Moving 17th Century Soldiers

Other spacings

For nearly all drill and maneuvers, Open Order is the widest necessary.  Open Order is sufficient to permit doublings. 

There are wider (and longer) distances, too.  These were not often used historically and today are rarely seen among re-enactors (with the exception of the first one below for ranks and files of pikemen):

  • Double Open Order (which Colonel Barriffe terms "Double Distance") is 1.8 meters/12 feet between soldiers.  One possible use of this distance is for pikemen on the march.  Such a wide distance between ranks leaves room for pikemen to trail their pikes while marching.
  • Triple Open Order is 2.7 meters/18 feet between soldiers.  Barriffe doesn't include this.  This distance, though, may provide room along the route of march for pikemen to cheek their pikes. (To cheek a pike is to place the hand around the point to avoid inadvertently sticking someone, but this leaves a lot of wood dragging behind the pikeman.)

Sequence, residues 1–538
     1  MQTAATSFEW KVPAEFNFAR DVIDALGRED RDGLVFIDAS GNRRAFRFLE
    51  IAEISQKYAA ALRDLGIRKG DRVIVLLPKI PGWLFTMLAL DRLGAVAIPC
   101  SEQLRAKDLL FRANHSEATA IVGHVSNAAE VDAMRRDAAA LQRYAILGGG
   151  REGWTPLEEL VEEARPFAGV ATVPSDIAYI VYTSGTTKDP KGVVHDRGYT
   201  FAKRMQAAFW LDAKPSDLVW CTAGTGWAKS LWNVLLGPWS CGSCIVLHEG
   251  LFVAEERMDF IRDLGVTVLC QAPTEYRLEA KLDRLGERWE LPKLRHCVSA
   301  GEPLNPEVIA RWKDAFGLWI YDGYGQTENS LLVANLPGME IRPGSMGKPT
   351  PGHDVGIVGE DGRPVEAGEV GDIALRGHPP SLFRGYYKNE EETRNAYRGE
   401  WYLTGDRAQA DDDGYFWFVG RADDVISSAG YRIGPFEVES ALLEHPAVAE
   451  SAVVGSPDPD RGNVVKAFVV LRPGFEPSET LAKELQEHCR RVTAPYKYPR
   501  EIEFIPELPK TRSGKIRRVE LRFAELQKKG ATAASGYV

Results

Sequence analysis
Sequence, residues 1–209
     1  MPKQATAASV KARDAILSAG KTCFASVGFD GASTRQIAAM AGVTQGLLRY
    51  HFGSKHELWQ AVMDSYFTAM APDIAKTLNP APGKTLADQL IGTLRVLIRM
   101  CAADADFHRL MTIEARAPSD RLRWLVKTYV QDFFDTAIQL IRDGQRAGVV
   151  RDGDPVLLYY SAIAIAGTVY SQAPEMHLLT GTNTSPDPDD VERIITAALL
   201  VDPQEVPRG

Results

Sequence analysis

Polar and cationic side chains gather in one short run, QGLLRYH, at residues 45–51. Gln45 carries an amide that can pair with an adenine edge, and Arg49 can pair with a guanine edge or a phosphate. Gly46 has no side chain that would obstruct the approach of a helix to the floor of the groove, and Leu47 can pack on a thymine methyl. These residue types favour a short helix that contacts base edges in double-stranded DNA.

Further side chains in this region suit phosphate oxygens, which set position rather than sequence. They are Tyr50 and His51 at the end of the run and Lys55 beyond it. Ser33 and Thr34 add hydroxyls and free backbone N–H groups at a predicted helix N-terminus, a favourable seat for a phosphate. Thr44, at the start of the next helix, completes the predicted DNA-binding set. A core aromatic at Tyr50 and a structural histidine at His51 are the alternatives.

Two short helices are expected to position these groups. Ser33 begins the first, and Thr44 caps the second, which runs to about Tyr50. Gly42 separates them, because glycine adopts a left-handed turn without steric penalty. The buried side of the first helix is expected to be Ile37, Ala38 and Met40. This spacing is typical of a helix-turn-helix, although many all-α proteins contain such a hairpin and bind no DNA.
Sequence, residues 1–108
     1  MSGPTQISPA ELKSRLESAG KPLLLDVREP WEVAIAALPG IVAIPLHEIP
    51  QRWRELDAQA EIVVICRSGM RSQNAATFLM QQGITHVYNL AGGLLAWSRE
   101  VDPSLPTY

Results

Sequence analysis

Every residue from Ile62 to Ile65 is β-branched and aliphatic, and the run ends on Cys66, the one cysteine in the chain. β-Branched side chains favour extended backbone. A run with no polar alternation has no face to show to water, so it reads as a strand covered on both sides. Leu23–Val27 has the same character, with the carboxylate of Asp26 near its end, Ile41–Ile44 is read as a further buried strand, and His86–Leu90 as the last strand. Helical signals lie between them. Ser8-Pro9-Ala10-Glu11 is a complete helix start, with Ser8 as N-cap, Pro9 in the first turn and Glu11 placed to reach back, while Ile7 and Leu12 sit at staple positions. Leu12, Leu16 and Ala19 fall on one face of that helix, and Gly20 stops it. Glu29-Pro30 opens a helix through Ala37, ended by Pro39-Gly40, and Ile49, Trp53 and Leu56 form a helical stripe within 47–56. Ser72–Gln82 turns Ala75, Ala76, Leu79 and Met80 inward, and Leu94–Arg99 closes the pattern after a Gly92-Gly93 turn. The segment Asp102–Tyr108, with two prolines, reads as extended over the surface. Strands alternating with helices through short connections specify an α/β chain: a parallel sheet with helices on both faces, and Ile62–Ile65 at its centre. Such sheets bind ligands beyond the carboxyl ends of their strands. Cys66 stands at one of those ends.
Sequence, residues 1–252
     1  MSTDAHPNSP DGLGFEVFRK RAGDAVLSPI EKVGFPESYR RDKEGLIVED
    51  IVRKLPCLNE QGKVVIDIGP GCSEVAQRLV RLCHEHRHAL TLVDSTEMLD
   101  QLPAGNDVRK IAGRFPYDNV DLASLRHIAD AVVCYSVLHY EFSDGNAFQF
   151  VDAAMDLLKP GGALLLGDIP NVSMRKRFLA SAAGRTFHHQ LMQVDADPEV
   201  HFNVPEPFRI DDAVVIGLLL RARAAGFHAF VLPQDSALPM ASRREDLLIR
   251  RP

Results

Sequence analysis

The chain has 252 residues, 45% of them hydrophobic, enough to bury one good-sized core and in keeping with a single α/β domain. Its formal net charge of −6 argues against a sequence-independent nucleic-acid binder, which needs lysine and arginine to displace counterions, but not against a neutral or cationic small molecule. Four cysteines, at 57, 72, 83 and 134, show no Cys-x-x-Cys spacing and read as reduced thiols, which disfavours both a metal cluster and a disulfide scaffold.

For marching re-enactors, these two distances present the temptation for audience members to cut through the formation on some urgent errand like fetching a beer.  Today, we don't have the options our ancestors did who could scold, arrest, or even beat any civilian who dared trespass into a formation.  (Or possibly pressing an errant male civilian into service: "Since you like being among my soldiers, you will join us!")  Our only recourse is to avoid presenting temptation as much as possible.